The most demanding job in state government is running the Agency of Human Services, which normally means it’s a one-time experience. Agreeing to serve in the position twice is usually a sign of being unemployable, or being a glutton for punishment.
Gov. Phil Scott last week named Mike Smith as his new secretary of the Agency of Human Services. Mr. Smith served in the same position in the Jim Douglas administration, and he takes over from his predecessor Al Gobeille. [He would be listed in the “glutton for punishment” category.]
It’s the largest agency in state government with well over a billion dollar a year budget. The agency has its fingers in almost everything we do, and how could it not when its primary mission is to “improve the health and well-being of Vermonters.” What doesn’t affect our health and well-being at one level or another?
The good news is that he already knows the ropes. Even better is that he knows how the office works and how it fits with the governor’s objectives. And, finally, he’s taking over an agency that’s been well run, meaning he doesn’t have to spend any time righting something that’s gone awry.
That will be a new twist for Mr. Smith, whose reputation is largely based on being the “fix-it” person. It will also be a new challenge.
His experience, his familiarity with the job, and the respect he has from the governor and staff should also create the space necessary to be innovative and to break the inertia so inherent in state bureaucracies.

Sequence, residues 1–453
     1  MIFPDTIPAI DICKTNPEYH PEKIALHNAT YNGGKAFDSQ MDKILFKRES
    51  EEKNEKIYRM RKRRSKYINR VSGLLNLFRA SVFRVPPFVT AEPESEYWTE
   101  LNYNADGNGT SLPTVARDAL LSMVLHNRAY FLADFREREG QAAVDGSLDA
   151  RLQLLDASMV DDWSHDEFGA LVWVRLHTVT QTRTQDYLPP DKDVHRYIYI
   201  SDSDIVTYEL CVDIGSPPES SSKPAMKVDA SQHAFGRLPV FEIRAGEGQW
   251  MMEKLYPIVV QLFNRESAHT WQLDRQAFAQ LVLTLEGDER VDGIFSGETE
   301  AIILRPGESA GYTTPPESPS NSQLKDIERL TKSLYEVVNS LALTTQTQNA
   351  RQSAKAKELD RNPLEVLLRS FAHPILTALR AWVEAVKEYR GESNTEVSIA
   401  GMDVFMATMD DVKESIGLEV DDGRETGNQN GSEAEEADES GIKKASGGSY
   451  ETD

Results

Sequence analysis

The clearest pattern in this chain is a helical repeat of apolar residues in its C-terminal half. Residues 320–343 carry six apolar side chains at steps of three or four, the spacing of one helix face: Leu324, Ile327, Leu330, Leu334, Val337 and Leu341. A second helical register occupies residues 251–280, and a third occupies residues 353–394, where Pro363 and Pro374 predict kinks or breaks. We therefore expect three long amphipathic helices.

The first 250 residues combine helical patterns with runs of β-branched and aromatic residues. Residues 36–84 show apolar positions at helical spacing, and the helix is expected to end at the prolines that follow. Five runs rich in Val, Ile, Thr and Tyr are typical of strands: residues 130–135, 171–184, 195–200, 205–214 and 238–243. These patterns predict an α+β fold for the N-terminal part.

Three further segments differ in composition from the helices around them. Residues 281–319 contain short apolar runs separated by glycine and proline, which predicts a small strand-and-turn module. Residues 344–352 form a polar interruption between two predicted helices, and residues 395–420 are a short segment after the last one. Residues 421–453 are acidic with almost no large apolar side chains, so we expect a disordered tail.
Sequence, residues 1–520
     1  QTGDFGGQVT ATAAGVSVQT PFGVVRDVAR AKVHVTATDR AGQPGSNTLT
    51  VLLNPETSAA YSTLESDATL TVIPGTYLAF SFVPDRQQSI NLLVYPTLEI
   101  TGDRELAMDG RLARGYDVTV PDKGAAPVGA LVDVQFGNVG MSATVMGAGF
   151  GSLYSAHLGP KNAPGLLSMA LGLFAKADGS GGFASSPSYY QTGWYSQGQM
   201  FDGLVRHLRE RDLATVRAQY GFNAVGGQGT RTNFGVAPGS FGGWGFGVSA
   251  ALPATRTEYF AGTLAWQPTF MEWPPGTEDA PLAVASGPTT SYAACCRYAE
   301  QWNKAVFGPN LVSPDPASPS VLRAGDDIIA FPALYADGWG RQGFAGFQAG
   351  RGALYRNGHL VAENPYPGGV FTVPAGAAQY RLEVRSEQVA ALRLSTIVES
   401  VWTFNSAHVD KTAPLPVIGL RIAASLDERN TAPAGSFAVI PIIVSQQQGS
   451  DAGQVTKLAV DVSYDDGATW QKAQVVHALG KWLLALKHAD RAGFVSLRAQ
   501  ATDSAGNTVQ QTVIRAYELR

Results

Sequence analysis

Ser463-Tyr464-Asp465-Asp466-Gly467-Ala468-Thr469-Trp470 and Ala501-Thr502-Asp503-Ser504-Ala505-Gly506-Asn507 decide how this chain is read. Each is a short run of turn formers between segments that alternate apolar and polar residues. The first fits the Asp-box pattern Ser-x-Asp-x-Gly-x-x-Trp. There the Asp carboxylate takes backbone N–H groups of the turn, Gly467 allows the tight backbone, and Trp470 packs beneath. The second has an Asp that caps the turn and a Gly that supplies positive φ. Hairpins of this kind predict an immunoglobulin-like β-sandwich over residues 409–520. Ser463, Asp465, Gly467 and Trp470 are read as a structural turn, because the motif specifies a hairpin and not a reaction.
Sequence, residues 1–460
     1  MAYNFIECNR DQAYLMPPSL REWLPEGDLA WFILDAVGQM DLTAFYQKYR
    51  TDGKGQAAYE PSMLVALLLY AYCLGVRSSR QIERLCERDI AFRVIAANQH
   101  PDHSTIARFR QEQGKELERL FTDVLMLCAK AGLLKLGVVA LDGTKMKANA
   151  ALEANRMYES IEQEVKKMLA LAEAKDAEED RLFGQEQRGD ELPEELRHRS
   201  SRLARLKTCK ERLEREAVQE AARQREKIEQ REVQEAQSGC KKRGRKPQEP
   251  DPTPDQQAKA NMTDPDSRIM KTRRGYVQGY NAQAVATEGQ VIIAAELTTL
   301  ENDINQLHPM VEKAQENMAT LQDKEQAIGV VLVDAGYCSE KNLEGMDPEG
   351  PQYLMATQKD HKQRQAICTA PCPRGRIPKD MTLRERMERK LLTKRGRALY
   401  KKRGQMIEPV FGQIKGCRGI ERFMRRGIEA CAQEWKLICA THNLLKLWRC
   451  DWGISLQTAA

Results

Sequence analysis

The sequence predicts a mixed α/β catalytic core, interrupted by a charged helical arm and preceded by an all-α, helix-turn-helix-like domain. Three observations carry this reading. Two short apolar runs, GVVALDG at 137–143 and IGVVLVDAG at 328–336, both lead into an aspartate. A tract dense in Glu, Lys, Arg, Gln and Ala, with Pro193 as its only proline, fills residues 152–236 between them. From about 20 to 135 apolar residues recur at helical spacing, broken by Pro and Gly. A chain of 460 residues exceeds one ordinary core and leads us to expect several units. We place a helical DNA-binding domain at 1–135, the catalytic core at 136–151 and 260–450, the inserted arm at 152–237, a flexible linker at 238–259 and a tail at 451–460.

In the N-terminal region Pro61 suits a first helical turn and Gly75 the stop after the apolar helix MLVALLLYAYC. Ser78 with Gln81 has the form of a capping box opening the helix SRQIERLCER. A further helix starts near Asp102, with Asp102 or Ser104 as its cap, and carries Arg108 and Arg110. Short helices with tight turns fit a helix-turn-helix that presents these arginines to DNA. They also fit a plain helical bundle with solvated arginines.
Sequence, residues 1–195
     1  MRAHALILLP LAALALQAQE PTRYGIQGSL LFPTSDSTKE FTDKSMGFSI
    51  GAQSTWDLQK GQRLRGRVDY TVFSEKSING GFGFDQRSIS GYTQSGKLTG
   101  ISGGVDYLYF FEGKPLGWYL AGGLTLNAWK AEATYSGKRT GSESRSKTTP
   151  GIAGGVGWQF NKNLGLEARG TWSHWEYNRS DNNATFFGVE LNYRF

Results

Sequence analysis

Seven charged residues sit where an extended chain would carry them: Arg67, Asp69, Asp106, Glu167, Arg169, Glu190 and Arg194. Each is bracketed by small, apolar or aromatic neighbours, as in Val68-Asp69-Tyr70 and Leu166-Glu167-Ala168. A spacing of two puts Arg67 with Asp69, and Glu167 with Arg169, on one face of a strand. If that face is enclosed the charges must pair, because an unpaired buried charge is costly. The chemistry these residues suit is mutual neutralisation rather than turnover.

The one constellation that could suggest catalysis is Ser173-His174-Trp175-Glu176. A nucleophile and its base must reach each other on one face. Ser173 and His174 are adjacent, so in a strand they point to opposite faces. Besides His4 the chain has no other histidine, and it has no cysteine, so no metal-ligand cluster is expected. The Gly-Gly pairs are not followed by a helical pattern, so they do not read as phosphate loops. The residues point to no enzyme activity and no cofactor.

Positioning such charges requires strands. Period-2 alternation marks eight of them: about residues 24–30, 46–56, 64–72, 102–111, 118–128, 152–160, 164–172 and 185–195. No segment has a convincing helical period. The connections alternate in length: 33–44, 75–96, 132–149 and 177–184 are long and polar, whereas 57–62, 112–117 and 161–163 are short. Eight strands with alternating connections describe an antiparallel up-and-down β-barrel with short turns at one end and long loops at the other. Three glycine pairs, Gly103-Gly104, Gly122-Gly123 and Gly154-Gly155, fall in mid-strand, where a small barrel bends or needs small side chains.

It’s not a caretaker’s position. It should not be seen as a politically safe position. There are too many critically important challenges that need to be addressed in creative and aggressive manners.
There is the issue of corrections and how criminal justice causes should be addressed. There is the need to keep the state’s health care payment reform efforts on track. There is mental health, opioid abuse, Medicare and primary care. There is the dramatic need to address the statewide differences in how the Department for Children and Families’ responsibilities are handled. There are the unmet needs of early childhood. And education. And on and on.
Whoever leads the agency is the person responsible for what happens within the agency; just like the CEO of a company bears responsibility for whatever happens within the company. The difference, however, is that the CEO of a company can be in place for a long time, the heads of state agencies are in place for short bursts of time since they serve at the governor’s pleasure.
That’s freeing in the respect that the Agency of Human Services has a seasoned staff in place. Mr. Smith doesn’t need to tinker with the machinery running the place. In fact, it would be counter-productive and injurious to staff morale for him to try.
As an agency secretary with prior experience he has the breadth and depth to address fundamental change. At this point in Mr. Smith’s career he should reject the notion of being a caretaker and revel in the opportunity to break the inertia that exists and to push the curiosity necessary to find new and better ways to do things.
And why not? To do otherwise is being the glutton for punishment.